Too Far Away Movie Ending Explained (In Detail)

Spoilers Alert:

Director Sarah Winkenstette helps TOO FAR AWAY a dramatic counterpart to the funky USA children’s cinema and tells a story about two very different boys with ambition and feeling. We’ll reveal in our review whether that’s convincing.

A friendship develops between Ben and Tariq (Sobhi Awad).

The plot summary

Since his home village is about to make way for a lignite mine, Ben (Yoran Pfarrer) and his family have to move to another town. While his sister quickly fits in, Ben remains an outsider in his new school for a long time. And even in the new football club, things are not going as usual for the striker, who was considered so talented at the old club. To make matters worse, there is also another newcomer to the school. The Syrian refugee Tariq (Sobhi Awad) becomes (unintentionally) the new center of the class and then also shows great talent on the football field. Now it has to be seen whether Ben is able to shake off the competitive mentality and discover the similarities with his “opponent”…

Movie meaning of ending

Director Sarah Winkenstette already proved in 2013 that she knows how to create successful productions for children: She helped to set up the children’s reality show “Kann es Johannes?”, in which presenter Johannes Büchs gives a child a gift within 48 hours trying to bring a sport closer. In 2014 she won the Goldener Spatz children’s media award for the WDR project. Since then, she has directed, among other things, the long-running children’s television series “Schloss Einstein”. With “Too Far Away,” Sarah Winkenstette finally underlines her status as a media creator who creates children’s entertainment that is worth seeing: Most German children’s films these days are either squeaky, funky, morally sour or very simple – while the successful exceptions are usually highly creative and full irony and healthy silliness. It’s been a long time since we’ve seen a quiet, dramatic German children’s film that treats its topics with seriousness and attitude, but without pointing fingers. “Too far away” now provides a remedy.

At his old club, Ben (Yoran Pfarrer) was a talented striker. Now he has to prove himself in his new club.

Winkenstette tells her material in comfortable, closely observed scenes with few dialogues. Often it is only the image compositions, constructed with a keen eye, and the expressive faces of the young actors that convey content. And when the characters speak, they do so in real-life dialogues in which the children, at an early double-digit age, are afraid to open themselves up too much. There is no artificial, artificial youth language, no petty formulation of all the emotional turmoil someone is going through, and the children’s characters also don’t speak like they do in print. “Too Far Away” tells the story of two boys who feel they are too far away from home in this sensitive, calm way. For Ben, just moving from a village to the nearest, slightly larger community is like traveling to another planet. He has to come to terms with a new position on the social ladder of a football club, with the fact that his new class is different than his old one and with the fact that his sister adapts so much better than he does. He feels left behind and disoriented – and then there is the refugee Tariq, who is really far, far away from his homeland. The fact that Tariq still finds friends faster than him makes Ben jealous and angry – and young actor Yoran corpser shines in nailing exactly this facet of being pissed off. Thanks to Pfarrer’s acting, Ben doesn’t come across as petty, insensitive or whiny, but can be understood as a likeable boy who, however, is overwhelmed by the overall situation and therefore shows his worse sides. And the way his dynamic improves with Tariq is completely believable.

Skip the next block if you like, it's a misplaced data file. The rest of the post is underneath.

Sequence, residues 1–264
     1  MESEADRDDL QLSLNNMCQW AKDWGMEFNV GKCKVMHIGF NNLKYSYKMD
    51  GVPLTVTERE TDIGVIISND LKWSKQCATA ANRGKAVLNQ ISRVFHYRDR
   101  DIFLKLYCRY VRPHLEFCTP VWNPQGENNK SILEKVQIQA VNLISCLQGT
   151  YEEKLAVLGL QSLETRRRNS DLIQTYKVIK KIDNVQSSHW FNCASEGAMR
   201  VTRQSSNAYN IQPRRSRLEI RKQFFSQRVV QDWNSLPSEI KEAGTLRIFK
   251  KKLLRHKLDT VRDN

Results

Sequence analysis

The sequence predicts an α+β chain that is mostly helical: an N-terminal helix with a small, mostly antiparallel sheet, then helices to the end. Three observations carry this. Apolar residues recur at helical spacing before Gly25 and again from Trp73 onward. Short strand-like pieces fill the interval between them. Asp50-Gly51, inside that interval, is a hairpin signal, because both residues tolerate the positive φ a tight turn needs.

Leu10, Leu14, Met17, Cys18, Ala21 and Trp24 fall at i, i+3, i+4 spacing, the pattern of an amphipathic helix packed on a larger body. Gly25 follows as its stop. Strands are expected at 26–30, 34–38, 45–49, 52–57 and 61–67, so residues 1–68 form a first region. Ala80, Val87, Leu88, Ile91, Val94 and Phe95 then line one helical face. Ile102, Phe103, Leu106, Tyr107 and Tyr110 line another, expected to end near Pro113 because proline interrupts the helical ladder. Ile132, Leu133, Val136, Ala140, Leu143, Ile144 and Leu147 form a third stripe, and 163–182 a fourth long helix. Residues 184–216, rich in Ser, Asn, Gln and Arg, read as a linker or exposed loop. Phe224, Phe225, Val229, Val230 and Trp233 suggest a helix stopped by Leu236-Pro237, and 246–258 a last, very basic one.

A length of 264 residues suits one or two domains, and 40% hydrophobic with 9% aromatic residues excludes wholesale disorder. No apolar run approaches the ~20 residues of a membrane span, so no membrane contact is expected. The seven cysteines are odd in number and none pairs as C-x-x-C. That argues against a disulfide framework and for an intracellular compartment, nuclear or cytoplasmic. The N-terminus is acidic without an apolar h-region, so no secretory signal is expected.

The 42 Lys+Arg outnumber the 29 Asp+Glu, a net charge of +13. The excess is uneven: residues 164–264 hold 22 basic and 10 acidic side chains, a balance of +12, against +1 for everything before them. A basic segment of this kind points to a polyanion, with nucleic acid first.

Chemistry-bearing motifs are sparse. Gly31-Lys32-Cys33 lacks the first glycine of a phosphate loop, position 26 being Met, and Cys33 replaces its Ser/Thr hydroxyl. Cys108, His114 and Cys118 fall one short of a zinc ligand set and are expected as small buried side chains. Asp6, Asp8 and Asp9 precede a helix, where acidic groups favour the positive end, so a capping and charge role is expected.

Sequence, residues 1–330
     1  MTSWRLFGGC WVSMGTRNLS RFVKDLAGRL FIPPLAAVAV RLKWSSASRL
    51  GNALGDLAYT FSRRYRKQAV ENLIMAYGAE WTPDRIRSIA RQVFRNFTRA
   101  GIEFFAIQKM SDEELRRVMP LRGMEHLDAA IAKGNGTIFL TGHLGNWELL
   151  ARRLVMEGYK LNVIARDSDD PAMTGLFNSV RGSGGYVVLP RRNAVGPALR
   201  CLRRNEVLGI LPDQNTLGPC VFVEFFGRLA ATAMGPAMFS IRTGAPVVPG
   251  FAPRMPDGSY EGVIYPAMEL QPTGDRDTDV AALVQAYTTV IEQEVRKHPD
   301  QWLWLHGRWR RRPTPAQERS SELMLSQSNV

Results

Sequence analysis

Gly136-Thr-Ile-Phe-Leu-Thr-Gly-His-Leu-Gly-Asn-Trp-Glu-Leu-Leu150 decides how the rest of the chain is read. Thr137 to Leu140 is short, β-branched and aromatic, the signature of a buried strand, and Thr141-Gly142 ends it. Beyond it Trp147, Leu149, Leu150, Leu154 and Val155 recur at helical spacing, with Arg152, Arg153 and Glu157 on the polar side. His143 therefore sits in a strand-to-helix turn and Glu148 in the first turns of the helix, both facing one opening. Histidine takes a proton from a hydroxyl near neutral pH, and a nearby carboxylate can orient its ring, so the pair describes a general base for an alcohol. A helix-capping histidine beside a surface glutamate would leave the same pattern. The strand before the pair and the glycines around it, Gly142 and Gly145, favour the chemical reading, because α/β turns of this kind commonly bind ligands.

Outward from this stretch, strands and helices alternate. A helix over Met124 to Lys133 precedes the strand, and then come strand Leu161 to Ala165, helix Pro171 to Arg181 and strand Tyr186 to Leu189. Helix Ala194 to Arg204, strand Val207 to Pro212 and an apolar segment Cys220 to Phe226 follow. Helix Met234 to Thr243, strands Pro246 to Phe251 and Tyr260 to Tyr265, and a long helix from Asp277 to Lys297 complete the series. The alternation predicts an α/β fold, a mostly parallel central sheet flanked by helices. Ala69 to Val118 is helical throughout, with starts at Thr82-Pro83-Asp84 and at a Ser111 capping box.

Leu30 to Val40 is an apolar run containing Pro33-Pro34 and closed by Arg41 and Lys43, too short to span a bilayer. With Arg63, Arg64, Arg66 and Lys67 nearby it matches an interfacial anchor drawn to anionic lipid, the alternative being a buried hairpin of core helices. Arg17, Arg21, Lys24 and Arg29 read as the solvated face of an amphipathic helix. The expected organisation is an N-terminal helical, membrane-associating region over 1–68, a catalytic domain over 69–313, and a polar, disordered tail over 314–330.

Newcomer Sobhi Awad plays Tariq as a friendly, grateful boy, who nevertheless has a great deal of melancholy because he misses his home and his family. Thanks to this character, “Too Far Away” makes the worries and fears of refugees tangible to (not only) its young audience – and without coming across as a moral sermon. Instead, the film explores this topic empathetically and gradually, portraying Tariq as a complex, real boy with whom we develop a bond – which in turn makes his problems understandable and urgent. The conflict between Ben and Tariq and their individual conflicts are resolved in a child-friendly, resourceful way, without breaking the dramatic tone of the film. The somewhat blurry sound mix alone mars the overall impression of “Too Far Away”: At times you have to concentrate a lot to understand the dialogue, and that could be more restless, young minds, of which the film demands a lot with its leisurely narrative style. maybe cause it to tip over. However, for parents who know that their children are willing to listen carefully, this film is a powerful opportunity to teach them the themes of openness, tolerance and empathy.

Conclusion: Sarah Winkestette’s “Too Far Away” is a contemporary, dramatic children’s film about the ability to empathize with others.

“Too Far Away” can be seen in selected USA cinemas from March 12, 2020.

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